Islamophobia in the United States rests on a number of negative assumptions about Islam and Muslims. Many Americans consider Islam to be a foreign religion that is incompatible with Western values.
Politicians and media commentators commonly describe American Muslims with suspicion, associating them with terrorism, violence, and isolation from the wider American community. These stereotypes of Muslims as foreign and isolated does not account for the long history of Islam and Muslim communities in the United States or the important contributions Muslims around the country make to their local communities.
In a time of rising Islamophobia and increasing rates of hate crimes directed against Muslims in the United States, it is important to dismantle this stereotype. Muslims live in cities, suburbs, and small towns across the United States. Muslims represent a significant number of American doctors, engineers, teachers, sanitation workers, nurses, a growing number of politicians, and other essential jobs at both the local and national levels. In contrast to the harmful stereotype of Muslims as inherently foreign and their religion as incompatible with American life, Muslims of all walks of life play vital roles in communities across the country. For many, it is precisely their Islamic faith that motivates them to be involved in their communities.
The Islamic Center of Greater Toledo (ICGT) in Perrysburg, Ohio is just one example of a Muslim organization that plays a vital role in its local community. As one of the oldest Muslim religious organizations in the Midwest, members of ICGT have formed an integral part of the Northwest Ohio community for nearly one hundred years. Today, members of the ICGT represent over 30 nationalities from around the world, all of whom come together to build community through their shared Islamic faith.
In the 1930s, Muslim immigrants from Syria and Lebanon founded the Syrian American Muslim Society in Toledo. This organization sponsored the opening of the first Islamic Center in Toledo in 1954 on East Bancroft Street. As the Toledo Muslim community grew throughout the 1960s and 70s, a new location became necessary to accommodate growing numbers of worshipers. Construction began on the current site of the ICGT in Perrysburg in 1980, and in October 1983 the present-day mosque was officially opened to the public. The ICGT is the first purpose-built mosque of its kind in all of North America, constructed in classical Ottoman style with a large domed ceiling and two minarets.
In addition to serving as a place of worship for the Toledo-area Muslim community, the ICGT serves as a gathering place for local students, clubs, and community events for people of all faiths and backgrounds. For example, students at nearby Bowling Green State University have used the space for university events and teacher training programs. The ICGT serves a similar role in the Toledo area as many churches do in other communities across the Midwest, acting as a site not only for religious worship but also as a meeting space for general community events.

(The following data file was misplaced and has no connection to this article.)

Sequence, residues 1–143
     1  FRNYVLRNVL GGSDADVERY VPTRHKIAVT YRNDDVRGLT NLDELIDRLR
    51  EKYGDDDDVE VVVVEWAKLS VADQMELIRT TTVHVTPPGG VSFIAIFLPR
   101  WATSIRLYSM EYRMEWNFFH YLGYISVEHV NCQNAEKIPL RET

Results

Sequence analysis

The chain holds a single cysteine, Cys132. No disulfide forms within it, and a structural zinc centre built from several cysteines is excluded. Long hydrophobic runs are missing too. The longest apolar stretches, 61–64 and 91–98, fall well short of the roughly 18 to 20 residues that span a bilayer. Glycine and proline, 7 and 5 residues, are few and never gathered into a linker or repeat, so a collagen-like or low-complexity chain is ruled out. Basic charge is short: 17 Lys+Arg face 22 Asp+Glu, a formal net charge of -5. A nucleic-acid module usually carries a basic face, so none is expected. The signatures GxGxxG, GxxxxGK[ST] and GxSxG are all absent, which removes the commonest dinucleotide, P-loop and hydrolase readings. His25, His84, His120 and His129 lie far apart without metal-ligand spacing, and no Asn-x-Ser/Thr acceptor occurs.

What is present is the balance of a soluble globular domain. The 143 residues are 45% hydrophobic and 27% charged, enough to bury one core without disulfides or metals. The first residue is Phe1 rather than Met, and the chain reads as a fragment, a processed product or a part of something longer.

Every year, the ICGT sponsors an International Festival at the mosque, inviting members of the local Toledo community of all faiths and backgrounds to join them for a family-friendly day of educational activities, carnival games, and food from around the world. The Muslim Voices Project sent our three graduate student coordinators to attend the 2019 International Festival on September 14 to learn more about how the ICGT has built a welcoming and supportive environment for Muslims in the Northwest Ohio region. This is the first post in a series of upcoming blog posts where we share the stories of the people we met at this event.
According to Dr. Fatima Al-Hayani, a retired professor of Middle East and Islamic affairs at the University of Toledo and a longtime member of the ICGT, the larger Toledo community has been nothing but welcoming to their Muslim neighbors, even in times of crisis and rising Islamophobia. She recalls how, in the days following the terrorist attacks of September 11, 2001, the ICGT was inundated with expressions of support from local churches, synagogues, and community members across the Toledo metro area. According to mosque leaders like Dr. Al-Hayani and Dr. Abdel-Wahab Soliman, the ICGT’s long-standing outreach and community building efforts within the broader Toledo area have helped them navigate the rising tide of Islamophobia in the United States in recent years.
When Americans recognize that Muslims are integral members of their communities and that Islam has a long-standing history in the United States, we can begin to dismantle stereotypes about Muslims as foreign, insular, and disconnected from broader American society. We can start to understand that Islam is a vibrant part of the story of America and that Muslim Americans find inspiration from their faith to build community across boundaries of religion, race, culture, and language. The Islamic Center of Greater Toledo (ICGT) is just one example of the kind of interreligious community that exists in cities, towns, and suburbs across the country, bringing together Muslims and non-Muslims for celebrations like the annual International Festival.